(Reed et al., 1986). Intestinal bacteria, E. coli in particular,
are necessary for this complement resistance and for amoebic virulence (Wittner
and Rosenbaum, 1970). It is suggested that ingested bacteria lower the redox
potential and allow the amoebae to escape destruction by oxidative enzymes (Gitler
and Mirelman, 1986). Whereas amoebae of low virulence are killed by granulocytes,
highly virulent amoebae resist phagocytosis and instead kill the attacking leukocytes
(Guerrant et al., 1981; Chadee et al., 1985). Mirelman (Mirelman,
1987; Mirelman et al., 1986) has reported that one can reversibly change
the zvmodeme patterns of Entamoeba histolytica isolates from non-pathogenic
to invasive by culturing amoebae with the gut flora of patients who have either
invasive disease or no symptoms. His work, which is controversial, suggests
that pathogenicity may actually be determined by the bacterial milieu.
The immunologic effects of amoebic infection have been the focus of a recent
trans-Atlantic controversy. Workers in London observed that Entamoeba histolytica
infestation of HIV-infected homosexual men involved only non-pathogenic amoebic
zymodemes; amoebic antibodies were absent and there was no association with
diarrhea or increased morbiditv (AllasonJones et al., 1986). Several
North American groups, on the other 6nd, have found that AIDS patients with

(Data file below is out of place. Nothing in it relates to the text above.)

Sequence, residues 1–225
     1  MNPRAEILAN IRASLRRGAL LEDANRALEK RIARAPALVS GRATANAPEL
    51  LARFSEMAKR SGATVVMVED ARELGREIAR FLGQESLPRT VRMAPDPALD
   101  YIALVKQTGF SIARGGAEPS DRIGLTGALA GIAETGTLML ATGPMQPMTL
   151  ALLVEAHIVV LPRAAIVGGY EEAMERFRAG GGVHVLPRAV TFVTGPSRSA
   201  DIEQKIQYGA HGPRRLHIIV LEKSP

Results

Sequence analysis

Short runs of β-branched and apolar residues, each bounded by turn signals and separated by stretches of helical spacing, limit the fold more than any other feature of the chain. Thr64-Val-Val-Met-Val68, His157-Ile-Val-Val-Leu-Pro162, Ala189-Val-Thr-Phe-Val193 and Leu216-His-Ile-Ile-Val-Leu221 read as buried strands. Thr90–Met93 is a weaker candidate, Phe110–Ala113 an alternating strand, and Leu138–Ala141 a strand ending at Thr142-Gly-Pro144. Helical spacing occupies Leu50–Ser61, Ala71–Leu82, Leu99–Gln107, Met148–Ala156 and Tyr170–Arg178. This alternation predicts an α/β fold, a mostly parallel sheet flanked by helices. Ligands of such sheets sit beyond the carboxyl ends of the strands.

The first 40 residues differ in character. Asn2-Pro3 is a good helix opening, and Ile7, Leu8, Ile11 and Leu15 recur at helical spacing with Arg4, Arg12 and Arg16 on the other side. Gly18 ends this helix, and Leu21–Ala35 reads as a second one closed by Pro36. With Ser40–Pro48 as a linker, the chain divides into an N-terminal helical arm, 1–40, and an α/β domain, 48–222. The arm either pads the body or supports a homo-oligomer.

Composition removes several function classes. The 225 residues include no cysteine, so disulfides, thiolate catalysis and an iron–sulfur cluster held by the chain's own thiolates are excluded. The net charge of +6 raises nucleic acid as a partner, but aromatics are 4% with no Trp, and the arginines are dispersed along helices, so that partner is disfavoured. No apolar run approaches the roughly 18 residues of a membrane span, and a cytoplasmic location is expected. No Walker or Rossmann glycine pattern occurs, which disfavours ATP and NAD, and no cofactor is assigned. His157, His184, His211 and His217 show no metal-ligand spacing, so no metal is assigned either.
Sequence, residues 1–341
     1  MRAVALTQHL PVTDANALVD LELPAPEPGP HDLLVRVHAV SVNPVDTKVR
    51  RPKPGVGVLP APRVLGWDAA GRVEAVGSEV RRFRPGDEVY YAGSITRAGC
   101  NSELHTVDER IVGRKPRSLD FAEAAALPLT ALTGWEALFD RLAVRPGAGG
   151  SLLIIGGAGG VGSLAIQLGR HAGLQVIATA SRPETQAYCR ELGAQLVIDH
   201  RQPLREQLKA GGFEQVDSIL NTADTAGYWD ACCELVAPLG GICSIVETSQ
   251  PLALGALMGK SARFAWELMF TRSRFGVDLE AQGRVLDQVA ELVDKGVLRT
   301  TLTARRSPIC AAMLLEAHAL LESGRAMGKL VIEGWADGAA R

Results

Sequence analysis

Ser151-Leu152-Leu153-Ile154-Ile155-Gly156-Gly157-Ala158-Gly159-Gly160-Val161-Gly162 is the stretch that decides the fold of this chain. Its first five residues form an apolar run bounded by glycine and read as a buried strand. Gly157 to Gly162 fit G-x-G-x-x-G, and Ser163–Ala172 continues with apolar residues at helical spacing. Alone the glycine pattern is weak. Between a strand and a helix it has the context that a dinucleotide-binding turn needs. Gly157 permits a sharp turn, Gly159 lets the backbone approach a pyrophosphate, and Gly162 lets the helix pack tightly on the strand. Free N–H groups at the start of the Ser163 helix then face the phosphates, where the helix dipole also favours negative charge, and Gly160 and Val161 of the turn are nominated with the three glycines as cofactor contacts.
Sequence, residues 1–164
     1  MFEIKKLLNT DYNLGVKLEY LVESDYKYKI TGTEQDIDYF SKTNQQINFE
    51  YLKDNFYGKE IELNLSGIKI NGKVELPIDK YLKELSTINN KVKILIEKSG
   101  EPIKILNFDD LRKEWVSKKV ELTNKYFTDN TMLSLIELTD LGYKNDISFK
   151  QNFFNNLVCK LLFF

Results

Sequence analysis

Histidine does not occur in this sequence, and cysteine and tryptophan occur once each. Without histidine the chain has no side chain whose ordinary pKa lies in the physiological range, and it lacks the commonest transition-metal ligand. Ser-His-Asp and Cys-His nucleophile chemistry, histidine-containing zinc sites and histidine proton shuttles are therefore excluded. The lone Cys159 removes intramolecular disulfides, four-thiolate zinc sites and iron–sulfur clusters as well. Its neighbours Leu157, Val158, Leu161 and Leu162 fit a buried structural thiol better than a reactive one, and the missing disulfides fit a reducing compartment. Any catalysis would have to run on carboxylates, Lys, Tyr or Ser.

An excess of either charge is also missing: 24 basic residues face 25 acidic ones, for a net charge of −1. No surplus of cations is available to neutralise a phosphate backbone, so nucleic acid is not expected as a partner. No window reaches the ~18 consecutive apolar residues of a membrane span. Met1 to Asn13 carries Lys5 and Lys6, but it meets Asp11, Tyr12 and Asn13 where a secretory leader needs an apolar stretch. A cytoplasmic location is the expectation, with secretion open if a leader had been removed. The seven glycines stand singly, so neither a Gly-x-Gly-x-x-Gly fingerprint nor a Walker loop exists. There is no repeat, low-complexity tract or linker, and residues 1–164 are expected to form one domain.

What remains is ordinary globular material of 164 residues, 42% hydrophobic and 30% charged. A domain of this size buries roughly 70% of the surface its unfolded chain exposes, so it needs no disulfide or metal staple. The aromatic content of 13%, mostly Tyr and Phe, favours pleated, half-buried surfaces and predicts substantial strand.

diarrhea are often infected with 'nonpathogenic' amoebae. Treatment with metronidazole
or paromomyci Produces relief of diarrhea in parallel with the disappearance
of these amoebae from feces (Rolsten et al., 1986; Sullam et al.,
1986; Pearce and Abrams, 1987). Several researchers in the United States
have advanced the notion that infection with E. histolytica and other
parasites may promote the development of AIDS in HIV-infected individuals (Pearce,
1983; Pearce and Abrams, 1984, 1986; Archer and Glinsman, 1985; Krogstad, 1986;
Petri and Ravdin, 1986; Croxson et al., 1988). Entamoeba histolytica
contains a soluble lectin which is mitogenic for T lymphocytes (Chen et al.,
1985; Petri and Ravdin, 1986). T helper cell activation by this lectin may induce
HIV replication in vivo. A soluble Entamoeba histolytica protein,
although not mitogenic itself, induced HIV replication in tissue culture of
lymphocytes obtained from three out of seven men with chronic HIV infection